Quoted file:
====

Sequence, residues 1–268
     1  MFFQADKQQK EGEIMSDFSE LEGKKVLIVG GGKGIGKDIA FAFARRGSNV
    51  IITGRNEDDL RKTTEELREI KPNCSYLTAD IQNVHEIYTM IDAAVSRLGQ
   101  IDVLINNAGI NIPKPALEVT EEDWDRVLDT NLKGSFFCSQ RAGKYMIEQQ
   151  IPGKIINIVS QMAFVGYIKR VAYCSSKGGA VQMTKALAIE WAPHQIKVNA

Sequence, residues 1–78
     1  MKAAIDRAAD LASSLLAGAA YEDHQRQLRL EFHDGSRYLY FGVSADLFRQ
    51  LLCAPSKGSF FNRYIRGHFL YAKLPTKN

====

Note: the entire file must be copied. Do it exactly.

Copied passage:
Sequence, residues 1–268
     1  MFFQADKQQK EGEIMSDFSE LEGKKVLIVG GGKGIGKDIA FAFARRGSNV
    51  IITGRNEDDL RKTTEELREI KPNCSYLTAD IQNVHEIYTM IDAAVSRLGQ
   101  IDVLINNAGI NIPKPALEVT EEDWDRVLDT NLKGSFFCSQ RAGKYMIEQQ
   151  IPGKIINIVS QMAFVGYIKR VAYCSSKGGA VQMTKALAIE WAPHQIKVNA

Sequence, residues 1–78
     1  MKAAIDRAAD LASSLLAGAA YEDHQRQLRL EFHDGSRYLY FGVSADLFRQ
    51  LLCAPSKGSF FNRYIRGHFL YAKLPTKN